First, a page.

August 28, 2017: Nature Microbiology
https://www.readbyqxmd.com/read/28827718/broadly-protective-murine-monoclonal-antibodies-against-influenza-b-virus-target-highly-conserved-neuraminidase-epitopes
#13
Teddy John Wohlbold, Kira A Podolsky, Veronika Chromikova, Ericka Kirkpatrick, Veronica Falconieri, Philip Meade, Fatima Amanat, Jessica Tan, Benjamin R tenOever, Gene S Tan, Sriram Subramaniam, Peter Palese, Florian Krammer
A substantial proportion of influenza-related childhood deaths are due to infection with influenza B viruses, which co-circulate in the human population as two antigenically distinct lineages defined by the immunodominant receptor binding protein, haemagglutinin. While broadly cross-reactive, protective monoclonal antibodies against the haemagglutinin of influenza B viruses have been described, none targeting the neuraminidase, the second most abundant viral glycoprotein, have been reported. Here, we analyse a panel of five murine anti-neuraminidase monoclonal antibodies that demonstrate broad binding, neuraminidase inhibition, in vitro antibody-dependent cell-mediated cytotoxicity and in vivo protection against influenza B viruses belonging to both haemagglutinin lineages and spanning over 70 years of antigenic drift...
August 21, 2017: Nature Microbiology
https://www.readbyqxmd.com/read/28827601/a-plasmid-from-an-antarctic-haloarchaeon-uses-specialized-membrane-vesicles-to-disseminate-and-infect-plasmid-free-cells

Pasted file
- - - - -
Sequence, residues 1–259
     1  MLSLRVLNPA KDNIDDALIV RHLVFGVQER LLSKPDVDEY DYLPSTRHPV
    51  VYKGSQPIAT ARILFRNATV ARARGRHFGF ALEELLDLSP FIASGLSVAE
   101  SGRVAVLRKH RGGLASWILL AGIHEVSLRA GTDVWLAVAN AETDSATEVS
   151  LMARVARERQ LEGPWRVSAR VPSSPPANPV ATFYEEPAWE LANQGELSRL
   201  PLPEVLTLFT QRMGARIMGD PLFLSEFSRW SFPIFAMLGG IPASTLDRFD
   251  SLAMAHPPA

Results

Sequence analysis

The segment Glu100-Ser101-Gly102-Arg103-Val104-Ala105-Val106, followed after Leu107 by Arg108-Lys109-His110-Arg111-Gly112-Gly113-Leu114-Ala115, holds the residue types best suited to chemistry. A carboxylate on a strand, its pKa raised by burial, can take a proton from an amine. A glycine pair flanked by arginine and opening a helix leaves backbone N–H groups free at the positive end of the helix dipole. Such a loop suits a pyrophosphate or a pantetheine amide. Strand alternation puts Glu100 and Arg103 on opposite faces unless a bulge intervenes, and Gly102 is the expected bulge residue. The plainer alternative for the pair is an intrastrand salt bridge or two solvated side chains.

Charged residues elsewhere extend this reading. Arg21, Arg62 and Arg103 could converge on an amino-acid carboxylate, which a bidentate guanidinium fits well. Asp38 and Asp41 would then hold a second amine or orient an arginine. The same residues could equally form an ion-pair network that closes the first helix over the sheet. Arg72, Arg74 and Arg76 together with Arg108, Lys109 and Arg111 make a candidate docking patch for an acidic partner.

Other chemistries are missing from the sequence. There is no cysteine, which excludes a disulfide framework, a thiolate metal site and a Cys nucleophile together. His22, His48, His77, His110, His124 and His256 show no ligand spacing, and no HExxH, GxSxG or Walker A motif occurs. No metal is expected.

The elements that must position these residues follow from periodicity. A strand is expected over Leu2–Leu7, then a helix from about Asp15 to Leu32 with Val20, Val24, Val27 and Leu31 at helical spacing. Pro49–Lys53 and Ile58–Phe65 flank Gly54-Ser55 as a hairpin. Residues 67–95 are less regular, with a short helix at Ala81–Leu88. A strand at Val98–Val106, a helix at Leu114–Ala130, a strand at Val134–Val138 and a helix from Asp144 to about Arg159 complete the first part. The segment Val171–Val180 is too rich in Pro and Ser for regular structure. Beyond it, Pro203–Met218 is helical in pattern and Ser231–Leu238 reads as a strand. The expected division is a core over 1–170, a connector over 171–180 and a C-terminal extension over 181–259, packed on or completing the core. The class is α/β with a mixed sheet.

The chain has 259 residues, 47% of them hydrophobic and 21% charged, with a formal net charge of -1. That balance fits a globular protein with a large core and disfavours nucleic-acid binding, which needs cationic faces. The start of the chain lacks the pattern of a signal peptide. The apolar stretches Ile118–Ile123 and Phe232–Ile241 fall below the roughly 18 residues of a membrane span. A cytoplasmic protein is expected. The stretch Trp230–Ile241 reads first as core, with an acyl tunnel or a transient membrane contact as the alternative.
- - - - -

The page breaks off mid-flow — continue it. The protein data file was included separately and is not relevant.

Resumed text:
#14
Susanne Erdmann, Bernhard Tschitschko, Ling Zhong, Mark J Raftery, Ricardo Cavicchioli
The major difference between viruses and plasmids is the mechanism of transferring their genomic information between host cells. Here, we describe the archaeal plasmid pR1SE from an Antarctic species of haloarchaea that transfers via a mechanism similar to a virus. pR1SE encodes proteins that are found in regularly shaped membrane vesicles, and the vesicles enclose the plasmid DNA. The released vesicles are capable of infecting a plasmid-free strain, which then gains the ability to produce plasmid-containing vesicles...
August 21, 2017: Nature Microbiology
https://www.readbyqxmd.com/read/28827581/asian-zika-virus-strains-target-cd14-blood-monocytes-and-induce-m2-skewed-immunosuppression-during-pregnancy
#15
Suan-Sin Foo, Weiqiang Chen, Yen Chan, James W Bowman, Lin-Chun Chang, Younho Choi, Ji Seung Yoo, Jianning Ge, Genhong Cheng, Alexandre Bonnin, Karin Nielsen-Saines, Patrícia Brasil, Jae U Jung
Blood CD14(+) monocytes are frontline immunomodulators categorized into classical, intermediate or non-classical subsets, and subsequently differentiated into M1 pro- or M2 anti-inflammatory macrophages on stimulation. Although the Zika virus (ZIKV) rapidly establishes viraemia, the target cells and immune responses, particularly during pregnancy, remain elusive. Furthermore, it is unknown whether African- and Asian-lineage ZIKV have different phenotypic impacts on host immune responses. Using human blood infection, we identified CD14(+) monocytes as the primary target for African- or Asian-lineage ZIKV infection...